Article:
We live in a time when almost all facts can be expressed in data. This enables us to create vast amounts of links and to recognize correlations with corresponding underlying assumptions. Without a doubt, data is a crucial source of input for decision-making. This, of course, includes data in executive search.
The use of data in the field of HR has many facets. One example: profiles on social job boards like LinkedIn are constant companions to our careers. Here, many data points in a candidate profile help us to find relevant candidates as quickly as possible.
Most users, however, stick to the minimum details like employer, title, and location. Other helpful data – such as an exact role description with keywords, a personal summary, details about customers and projects – is not necessarily always mentioned.
Yet, these are all factors that are highly relevant in executive search – especially when job titles are becoming increasingly individualized and difficult to interpret.
In what way is data useful in executive search?
Data offers insight into dynamics and links that might otherwise remain abstract. In a world with the increasing availability of data, it’s essential to understand, select, interpret, and analyze it.
On the organization's side, data helps to make better, more transparent decisions that are easier to justify and understand. Data also allows to react to trends in HR as well as to get a clearer sense of the skills that are needed in potential candidates.
On the candidate’s side, using data is an opportunity to improve employability and strengthen their negotiating position – since mapping out special skills and qualifications can create or increase personal branding.
Data can also be a useful control mechanism for a phenomenon known as 'confirmation bias'. Successful decision-makers often presume that they are right – after all, their success confirms it. While their careers advance, their environment reinforces this assumption. As a result, leaders may value their instincts more than external information when looking for a suitable candidate. This is where data comes into play.
What are the limitations of data-driven executive search?
Data only adds value when it is put into context. Otherwise, you are looking for the literal needle in a haystack.
The candidates who stand out are often the ones who share the most about themselves. The issue with this, however, is that they are relatively easy for anyone to find and thus very likely to receive many requests from headhunters.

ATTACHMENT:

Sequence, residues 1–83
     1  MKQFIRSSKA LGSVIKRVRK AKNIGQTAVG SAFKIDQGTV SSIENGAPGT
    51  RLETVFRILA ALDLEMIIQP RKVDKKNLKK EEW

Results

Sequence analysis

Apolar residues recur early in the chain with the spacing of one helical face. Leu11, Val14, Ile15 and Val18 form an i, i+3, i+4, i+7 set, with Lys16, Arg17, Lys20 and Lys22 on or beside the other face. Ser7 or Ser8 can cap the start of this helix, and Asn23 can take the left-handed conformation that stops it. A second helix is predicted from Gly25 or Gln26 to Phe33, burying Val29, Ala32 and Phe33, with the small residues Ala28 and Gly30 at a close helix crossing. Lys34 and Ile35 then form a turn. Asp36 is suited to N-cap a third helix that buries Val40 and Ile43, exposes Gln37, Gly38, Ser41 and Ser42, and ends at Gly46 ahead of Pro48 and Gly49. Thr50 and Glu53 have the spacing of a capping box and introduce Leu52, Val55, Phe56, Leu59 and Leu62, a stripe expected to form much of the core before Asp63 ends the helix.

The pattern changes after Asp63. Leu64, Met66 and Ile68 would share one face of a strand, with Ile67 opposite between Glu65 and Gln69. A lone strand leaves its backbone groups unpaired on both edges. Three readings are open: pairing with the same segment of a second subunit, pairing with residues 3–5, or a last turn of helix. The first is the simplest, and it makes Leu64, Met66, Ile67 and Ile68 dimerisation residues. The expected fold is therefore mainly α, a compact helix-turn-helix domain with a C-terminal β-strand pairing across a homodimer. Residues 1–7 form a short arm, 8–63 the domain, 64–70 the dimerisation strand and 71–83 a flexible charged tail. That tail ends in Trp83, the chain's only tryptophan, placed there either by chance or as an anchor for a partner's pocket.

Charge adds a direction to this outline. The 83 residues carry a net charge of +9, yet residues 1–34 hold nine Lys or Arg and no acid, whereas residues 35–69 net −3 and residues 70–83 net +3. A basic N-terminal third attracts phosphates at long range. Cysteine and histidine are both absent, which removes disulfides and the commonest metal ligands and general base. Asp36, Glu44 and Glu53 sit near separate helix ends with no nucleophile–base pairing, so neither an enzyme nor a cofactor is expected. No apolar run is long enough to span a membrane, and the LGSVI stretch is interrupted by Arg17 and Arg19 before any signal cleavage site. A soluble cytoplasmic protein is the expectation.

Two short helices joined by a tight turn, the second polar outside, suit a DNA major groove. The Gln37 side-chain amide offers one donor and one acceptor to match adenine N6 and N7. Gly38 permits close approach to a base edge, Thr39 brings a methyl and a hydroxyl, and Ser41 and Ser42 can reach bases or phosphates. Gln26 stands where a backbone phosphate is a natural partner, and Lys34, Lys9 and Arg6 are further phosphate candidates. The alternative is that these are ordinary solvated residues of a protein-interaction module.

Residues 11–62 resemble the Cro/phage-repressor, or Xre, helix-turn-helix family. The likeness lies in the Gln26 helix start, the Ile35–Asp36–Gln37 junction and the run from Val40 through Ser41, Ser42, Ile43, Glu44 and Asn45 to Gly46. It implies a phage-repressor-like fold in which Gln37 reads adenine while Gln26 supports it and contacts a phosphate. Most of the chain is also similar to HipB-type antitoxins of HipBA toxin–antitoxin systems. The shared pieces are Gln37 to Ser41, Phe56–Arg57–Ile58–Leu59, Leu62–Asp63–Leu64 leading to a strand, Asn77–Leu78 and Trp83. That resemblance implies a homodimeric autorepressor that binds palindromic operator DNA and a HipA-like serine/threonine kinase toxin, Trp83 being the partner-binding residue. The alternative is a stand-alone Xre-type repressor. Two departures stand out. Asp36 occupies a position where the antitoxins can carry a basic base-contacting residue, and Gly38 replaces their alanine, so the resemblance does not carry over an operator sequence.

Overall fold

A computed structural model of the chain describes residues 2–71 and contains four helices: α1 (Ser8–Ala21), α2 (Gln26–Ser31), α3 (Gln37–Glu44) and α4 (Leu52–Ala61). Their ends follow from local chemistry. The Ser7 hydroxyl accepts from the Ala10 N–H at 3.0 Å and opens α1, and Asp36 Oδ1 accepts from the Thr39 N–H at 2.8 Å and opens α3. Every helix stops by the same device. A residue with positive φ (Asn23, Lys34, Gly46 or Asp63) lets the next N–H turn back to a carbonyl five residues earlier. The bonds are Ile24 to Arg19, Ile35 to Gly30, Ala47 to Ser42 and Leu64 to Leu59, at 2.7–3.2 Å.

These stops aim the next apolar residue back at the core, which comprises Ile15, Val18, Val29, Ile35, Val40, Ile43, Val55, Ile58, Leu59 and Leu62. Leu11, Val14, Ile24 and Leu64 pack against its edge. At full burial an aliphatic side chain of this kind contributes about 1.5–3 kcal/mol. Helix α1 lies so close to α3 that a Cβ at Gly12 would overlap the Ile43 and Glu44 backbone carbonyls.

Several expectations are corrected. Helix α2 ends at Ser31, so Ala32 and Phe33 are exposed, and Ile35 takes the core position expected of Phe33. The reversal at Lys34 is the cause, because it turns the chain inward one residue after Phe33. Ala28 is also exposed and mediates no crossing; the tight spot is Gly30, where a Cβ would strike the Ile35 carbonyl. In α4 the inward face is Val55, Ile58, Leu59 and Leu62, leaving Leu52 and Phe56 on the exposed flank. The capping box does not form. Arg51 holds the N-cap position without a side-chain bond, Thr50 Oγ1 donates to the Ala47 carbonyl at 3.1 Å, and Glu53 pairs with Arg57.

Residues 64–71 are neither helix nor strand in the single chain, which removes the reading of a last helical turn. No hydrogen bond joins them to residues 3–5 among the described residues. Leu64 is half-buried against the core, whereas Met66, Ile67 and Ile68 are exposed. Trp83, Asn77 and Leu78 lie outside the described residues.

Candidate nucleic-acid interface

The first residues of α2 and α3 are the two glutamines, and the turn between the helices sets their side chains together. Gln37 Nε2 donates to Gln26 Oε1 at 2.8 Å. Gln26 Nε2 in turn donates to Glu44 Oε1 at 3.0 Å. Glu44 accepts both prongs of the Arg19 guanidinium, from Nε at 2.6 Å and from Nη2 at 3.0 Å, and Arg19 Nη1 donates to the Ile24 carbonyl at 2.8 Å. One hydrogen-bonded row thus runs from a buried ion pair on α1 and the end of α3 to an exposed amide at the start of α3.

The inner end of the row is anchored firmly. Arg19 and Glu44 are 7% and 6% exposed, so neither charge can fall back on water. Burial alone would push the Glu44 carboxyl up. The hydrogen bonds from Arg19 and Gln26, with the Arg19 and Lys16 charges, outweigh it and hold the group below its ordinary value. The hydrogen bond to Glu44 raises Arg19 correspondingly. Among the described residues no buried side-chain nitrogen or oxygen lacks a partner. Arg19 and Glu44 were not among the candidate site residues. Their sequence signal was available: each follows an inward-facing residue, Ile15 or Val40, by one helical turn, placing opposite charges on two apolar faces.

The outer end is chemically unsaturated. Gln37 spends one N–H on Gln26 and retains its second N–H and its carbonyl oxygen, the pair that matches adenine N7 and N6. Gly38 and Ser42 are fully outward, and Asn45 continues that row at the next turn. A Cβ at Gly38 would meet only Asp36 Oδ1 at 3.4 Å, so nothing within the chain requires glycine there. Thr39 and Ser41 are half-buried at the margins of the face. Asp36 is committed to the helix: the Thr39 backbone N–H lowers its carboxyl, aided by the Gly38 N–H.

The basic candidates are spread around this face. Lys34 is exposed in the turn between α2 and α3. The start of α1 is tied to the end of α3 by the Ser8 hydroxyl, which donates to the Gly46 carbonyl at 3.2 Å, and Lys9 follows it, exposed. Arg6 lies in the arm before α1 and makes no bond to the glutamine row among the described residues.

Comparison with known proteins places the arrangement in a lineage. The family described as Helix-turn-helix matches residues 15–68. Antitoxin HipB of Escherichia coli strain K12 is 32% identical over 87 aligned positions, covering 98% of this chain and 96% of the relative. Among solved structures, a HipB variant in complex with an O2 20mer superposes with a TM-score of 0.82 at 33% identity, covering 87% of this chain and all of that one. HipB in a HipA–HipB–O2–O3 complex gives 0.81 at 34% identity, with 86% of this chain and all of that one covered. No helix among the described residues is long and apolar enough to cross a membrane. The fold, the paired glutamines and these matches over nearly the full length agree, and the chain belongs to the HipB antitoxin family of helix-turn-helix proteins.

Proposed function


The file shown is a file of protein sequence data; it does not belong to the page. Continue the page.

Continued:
But just because a candidate makes it very easy to find them – with lots of pictures, keywords, and reviews – it can't immediately be concluded that they are the best candidate for the job.
What is frequently overlooked is that some potential candidates deliberately give only minimal information in their profiles or use unusual abbreviations for titles. This means that they are rarely contacted. Finding and considering them requires well-thought-out search strategies, supported by comprehensive data models.
How can a data-driven executive search be implemented?
To use a data-driven approach to executive search, the first step is to define a clear goal before collecting data. This is typically a derivation of the requirements for the candidate we are looking for. Here, the emphasis could be on professional stages and fields of activity, which allows to specifically address people who match this search pattern. Keep in mind that many employees want to move ahead and therefore want to be found for the next career step, not the current one.
An indispensable factor is the expertise of our team, which provides decisive clues for the right characteristics and keywords. These can then be translated into specific search requirements that are systematically processed.
Then, handling large sets of Boolean string operators is part of the execution – but it takes a lot of experience to phrase these strings correctly so that you don't overlook any relevant candidates.
Generally, basic knowledge about the possibilities of processing data and which criteria must be used for the data are, in my opinion, important skills for managers so that the overall strategy is coherent. After all, data is not an aim in itself and cannot do without informed, experienced human interpretation.
Samuel is a structured and strategic Executive Search consultant at Nordic Minds with key skills in knowledge management and experience from two Global 500 companies. You can contact him via mail here .